From this exposition it appears that the New Testament literature is, in some sort, to the end, a continuation of the literature of the Old Testament. As the earliest phase of Christianity was Judaism, with a belief in the Messiah's advent superadded, so the first literature of Christianity is the literature of Judaism, written on the supposition that the Christ has come. Judaism is Christianity still expectant of a Christ to come, or, as with the radical Jews, unexpectant of a personal Messiah; Christianity is Judaism with the expectation fulfilled. The Judaic element was not limited to the little knot of Jerusalemites who hung about the holy city and waited there for the Christ's coming; it was conspicuous in the system of Paul, and so far from being absent from the later form, known by the name of John, determines the cardinal idea of that, and shapes its bent. Whatever additions are made, grow out of this cardinal idea, as branches from its stem. The strict monotheism of the Hebrew faith is sacrificed to the Messianic conception. The Christ in time becomes a twin Deity, a Holy Ghost being required to fill up the gulf between godhead and humanity.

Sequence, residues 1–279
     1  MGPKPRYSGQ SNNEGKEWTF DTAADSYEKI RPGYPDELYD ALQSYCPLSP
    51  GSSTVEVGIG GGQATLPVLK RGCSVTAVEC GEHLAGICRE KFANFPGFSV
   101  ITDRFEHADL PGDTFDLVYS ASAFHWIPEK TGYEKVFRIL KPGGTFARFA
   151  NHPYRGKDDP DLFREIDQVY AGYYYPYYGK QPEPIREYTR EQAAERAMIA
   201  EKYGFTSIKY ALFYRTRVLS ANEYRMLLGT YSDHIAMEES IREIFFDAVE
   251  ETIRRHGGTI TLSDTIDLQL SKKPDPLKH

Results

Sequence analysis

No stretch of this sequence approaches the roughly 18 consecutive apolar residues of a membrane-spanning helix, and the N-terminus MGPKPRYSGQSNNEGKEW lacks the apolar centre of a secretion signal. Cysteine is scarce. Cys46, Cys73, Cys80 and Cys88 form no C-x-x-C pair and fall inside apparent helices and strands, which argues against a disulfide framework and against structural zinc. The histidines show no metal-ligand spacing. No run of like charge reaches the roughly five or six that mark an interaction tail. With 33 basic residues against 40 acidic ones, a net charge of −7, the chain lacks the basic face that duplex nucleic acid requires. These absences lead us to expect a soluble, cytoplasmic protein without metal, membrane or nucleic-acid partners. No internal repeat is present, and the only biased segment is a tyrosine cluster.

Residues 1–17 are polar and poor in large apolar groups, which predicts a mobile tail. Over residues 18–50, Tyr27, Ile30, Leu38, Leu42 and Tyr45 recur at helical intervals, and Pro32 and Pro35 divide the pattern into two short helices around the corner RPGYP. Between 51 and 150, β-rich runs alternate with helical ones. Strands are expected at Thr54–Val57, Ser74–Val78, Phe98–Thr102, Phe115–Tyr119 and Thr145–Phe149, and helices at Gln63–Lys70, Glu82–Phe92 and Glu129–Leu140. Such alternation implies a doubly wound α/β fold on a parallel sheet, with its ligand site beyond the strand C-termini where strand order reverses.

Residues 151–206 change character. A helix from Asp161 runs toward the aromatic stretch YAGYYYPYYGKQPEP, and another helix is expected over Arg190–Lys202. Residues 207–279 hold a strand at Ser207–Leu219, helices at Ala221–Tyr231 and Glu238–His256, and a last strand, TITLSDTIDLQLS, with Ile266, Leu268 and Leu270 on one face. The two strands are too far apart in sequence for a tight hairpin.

But for the fury of the discord that arose and deepened between the Jews who accepted the Christ and the Jews who preferred still to wait for him, the later, as well as the earlier form of Christianity, might possibly have been merged in Judaism. The believers in the Messianic advent were radical to the point of fanaticism. They were the restless advocates of change, agitators, revolutionists. Their passionate zeal could not brook indifference or coolness. Nothing short of a fervid allegiance satisfied them. The recusants had to bear hard names, as the gospels attest. The ill-fortune of the Messiah, the bitter opposition he encountered, his untimely death, were charged upon the faithlessness of the nation who would not confess him. These, and not the Roman Government that actually put him to death, were held answerable for his crucifixion; thus a discord was planted, which all the generations of Christendom have failed to eradicate. There has, from that time to this, been implacable hatred between Christian and Jew.